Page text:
Authorities resumed the search for a former White House chef Saturday in a New Mexico mountain range after the man disappeared a week ago.

New Mexico State Police spokeswoman Elizabeth Armijo said the agency plans to exhaust all resources to conduct an extensive search for Walter Scheib, the White House chef for 11 years under Presidents Bill Clinton and George W. Bush.

Scheib, 61, recently moved from Florida to Taos, New Mexico and reportedly went for a hike June 13 in the mountains near the Taos Ski Valley. His girlfriend reported him missing the next day. Taos police found his vehicle Tuesday parked at the Yerba Canyon trailhead. The 4-mile trail follows a canyon bottom before climbing to 3,700 feet in elevation, according to the U.S. Forest Service website.

The U.S. Air Force and the New Mexico National Guard are helping in the search. An air search has been made difficult because of high mountain peaks, deep canyons and dense vegetation. The rough terrain has also made the ground search harder.

Scheib graduated from New York’s Culinary Institute of America in 1979 and later worked at grand hotels in Florida and West Virginia. He became White House executive chef in April 1994 when Hillary Clinton hired him.

He was in charge of a full-time staff of five and oversaw a part-time staff of 20. Scheib was known for refocusing the kitchen on American cuisine with seasonal ingredients and contemporary flavors. He was responsible for preparing everything from First Family meals to formal State Dinners.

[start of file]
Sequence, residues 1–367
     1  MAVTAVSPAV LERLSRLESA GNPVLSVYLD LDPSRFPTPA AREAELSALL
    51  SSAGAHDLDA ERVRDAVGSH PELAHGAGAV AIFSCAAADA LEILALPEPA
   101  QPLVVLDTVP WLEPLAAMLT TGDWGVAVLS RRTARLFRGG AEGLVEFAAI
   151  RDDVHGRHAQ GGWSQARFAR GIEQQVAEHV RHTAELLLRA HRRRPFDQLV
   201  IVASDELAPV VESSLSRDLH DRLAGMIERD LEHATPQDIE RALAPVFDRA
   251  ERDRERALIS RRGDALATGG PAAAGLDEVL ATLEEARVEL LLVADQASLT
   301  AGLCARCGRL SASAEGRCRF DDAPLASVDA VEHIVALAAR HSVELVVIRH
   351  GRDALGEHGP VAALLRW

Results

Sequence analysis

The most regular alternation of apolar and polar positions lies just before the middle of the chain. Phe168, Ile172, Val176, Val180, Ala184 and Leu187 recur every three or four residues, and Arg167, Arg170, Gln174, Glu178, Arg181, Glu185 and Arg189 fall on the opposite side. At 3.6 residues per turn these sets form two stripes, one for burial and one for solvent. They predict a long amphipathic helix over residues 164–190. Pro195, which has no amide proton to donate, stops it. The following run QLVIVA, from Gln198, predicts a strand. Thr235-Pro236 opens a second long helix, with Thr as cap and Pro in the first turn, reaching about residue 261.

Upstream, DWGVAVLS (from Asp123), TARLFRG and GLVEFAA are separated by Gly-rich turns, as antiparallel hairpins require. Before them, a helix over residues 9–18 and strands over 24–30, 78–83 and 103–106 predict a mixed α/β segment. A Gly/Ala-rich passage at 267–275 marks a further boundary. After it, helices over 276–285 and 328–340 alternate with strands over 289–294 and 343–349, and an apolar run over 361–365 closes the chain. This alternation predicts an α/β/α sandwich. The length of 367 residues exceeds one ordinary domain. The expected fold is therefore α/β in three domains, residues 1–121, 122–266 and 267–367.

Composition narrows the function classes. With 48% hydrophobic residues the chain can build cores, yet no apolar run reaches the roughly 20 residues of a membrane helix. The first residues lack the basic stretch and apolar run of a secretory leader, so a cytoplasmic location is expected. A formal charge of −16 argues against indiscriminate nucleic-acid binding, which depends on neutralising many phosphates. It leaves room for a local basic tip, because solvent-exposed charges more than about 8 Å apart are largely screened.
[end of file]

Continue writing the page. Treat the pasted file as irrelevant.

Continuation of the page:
Last month, Scheib cooked dinner for a cancer charity’s fundraiser at a hotel in Scranton, Pennsylvania. He told the Times Leader newspaper that preparing meals at the White House required him to have a different outlook on food and cooking.

"When you're working at the White House, it's not a hotel or a restaurant, or a private club. It's a personal home," Scheib said. "Our goal wasn't just to cook food at the White House, it was to give the First Family an island of normal in a very, very crazy world."

His creations were served to many world leaders including Tony Blair, Jacques Chirac, Vicente Fox, Nelson Mandela and Boris Yeltsin.

Scheib left the White House in 2005 when Laura Bush let him go. He became a food consultant and speaker, often entertaining guests with anecdotes from his time at the White House. He also appeared on the Food Network's "Iron Chef America" show in 2006.

Scheib also wrote a book about his experiences entitled "White House Chef: Eleven Years, Two Presidents, One Kitchen." It was published in 2007.

He also has been actively involved in Atlanta's City of Refuge, which provides services to homeless and abused residents.

The Associated Press contributed to this report